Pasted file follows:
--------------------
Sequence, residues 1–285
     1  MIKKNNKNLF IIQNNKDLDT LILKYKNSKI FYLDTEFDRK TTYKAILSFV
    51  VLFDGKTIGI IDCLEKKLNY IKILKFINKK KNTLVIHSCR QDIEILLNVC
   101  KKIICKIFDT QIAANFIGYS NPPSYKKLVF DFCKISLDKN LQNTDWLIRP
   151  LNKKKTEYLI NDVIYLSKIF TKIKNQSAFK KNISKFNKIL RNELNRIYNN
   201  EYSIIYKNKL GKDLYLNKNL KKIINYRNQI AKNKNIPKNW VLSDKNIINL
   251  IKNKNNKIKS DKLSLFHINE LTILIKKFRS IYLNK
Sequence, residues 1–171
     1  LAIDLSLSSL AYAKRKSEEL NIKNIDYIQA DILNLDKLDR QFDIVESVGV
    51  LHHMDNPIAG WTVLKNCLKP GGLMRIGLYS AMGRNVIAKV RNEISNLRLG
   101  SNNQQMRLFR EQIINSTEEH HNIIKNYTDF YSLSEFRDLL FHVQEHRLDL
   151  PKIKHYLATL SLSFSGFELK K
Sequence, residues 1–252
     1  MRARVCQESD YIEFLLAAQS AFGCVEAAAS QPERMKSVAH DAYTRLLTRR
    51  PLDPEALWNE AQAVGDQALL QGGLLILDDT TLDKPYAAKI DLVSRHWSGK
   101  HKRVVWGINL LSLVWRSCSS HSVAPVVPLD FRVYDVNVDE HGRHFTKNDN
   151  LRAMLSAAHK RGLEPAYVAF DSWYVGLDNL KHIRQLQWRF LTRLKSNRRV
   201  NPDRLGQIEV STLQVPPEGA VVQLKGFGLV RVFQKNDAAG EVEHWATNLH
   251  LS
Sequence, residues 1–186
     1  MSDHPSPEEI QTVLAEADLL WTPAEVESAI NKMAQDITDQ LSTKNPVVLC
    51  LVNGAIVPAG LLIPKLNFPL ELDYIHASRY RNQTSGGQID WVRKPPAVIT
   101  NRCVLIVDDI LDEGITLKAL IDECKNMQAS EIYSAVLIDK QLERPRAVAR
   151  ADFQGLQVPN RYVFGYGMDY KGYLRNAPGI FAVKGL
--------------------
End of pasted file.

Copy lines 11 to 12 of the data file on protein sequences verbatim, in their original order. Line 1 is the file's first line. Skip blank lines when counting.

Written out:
   101  SNNQQMRLFR EQIINSTEEH HNIIKNYTDF YSLSEFRDLL FHVQEHRLDL
   151  PKIKHYLATL SLSFSGFELK K